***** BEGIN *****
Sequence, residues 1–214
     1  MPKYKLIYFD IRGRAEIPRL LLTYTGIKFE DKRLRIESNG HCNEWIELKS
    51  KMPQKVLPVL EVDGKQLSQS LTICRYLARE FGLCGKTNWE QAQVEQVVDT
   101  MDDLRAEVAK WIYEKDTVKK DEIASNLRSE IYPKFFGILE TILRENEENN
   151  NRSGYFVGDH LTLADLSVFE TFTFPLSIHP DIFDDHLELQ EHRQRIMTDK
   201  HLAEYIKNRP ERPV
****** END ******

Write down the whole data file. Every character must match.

Sequence, residues 1–214
     1  MPKYKLIYFD IRGRAEIPRL LLTYTGIKFE DKRLRIESNG HCNEWIELKS
    51  KMPQKVLPVL EVDGKQLSQS LTICRYLARE FGLCGKTNWE QAQVEQVVDT
   101  MDDLRAEVAK WIYEKDTVKK DEIASNLRSE IYPKFFGILE TILRENEENN
   151  NRSGYFVGDH LTLADLSVFE TFTFPLSIHP DIFDDHLELQ EHRQRIMTDK
   201  HLAEYIKNRP ERPV